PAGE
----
The haunting orchestral score to director Martin Scorsese’s 1976 classic “Taxi Driver” (just released by Arista on the complete “Taxi Driver” soundtrack) was the last music created by Academy Award-winning composer Bernard Herrmann. Herrmann, who also wrote the scores for “Citizen Kane” and “Psycho,” died on December 24, 1975 — one day after he finished recording the last note of music for “Taxi Driver,” the film about a disturbed Vietnam vet turned Manhattan cabbie named Travis Bickle (Robert De Niro).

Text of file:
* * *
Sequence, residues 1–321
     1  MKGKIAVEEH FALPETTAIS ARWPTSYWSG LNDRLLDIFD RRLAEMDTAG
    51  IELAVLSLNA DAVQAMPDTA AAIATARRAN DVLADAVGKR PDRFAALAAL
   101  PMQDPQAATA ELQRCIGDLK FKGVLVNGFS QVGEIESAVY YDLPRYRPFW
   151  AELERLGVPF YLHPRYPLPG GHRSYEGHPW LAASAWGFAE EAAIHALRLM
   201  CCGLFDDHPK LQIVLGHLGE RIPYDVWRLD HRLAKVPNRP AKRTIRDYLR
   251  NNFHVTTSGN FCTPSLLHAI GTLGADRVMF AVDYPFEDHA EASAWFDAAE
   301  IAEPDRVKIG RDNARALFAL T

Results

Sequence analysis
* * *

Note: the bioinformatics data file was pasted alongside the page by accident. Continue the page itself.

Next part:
“Travis Bickle was the kind of person who didn’t listen to anything besides the voices in his own head, and I was convinced that the only person who could capture this state of mind was Bernard Herrmann,” says Scorsese, 55, on the album’s liner notes.
But when Scorsese first asked Herrmann to collaborate, the 63-year-old composer replied, “I don’t do things about cab drivers.” The director persisted. He sent Herrmann a copy of the script and arranged a meeting in London. Herrmann finally relented. Explains Scorsese: “He said, ‘I liked when he [Bickle] poured peach brandy on the cornflakes. I’ll do it.'”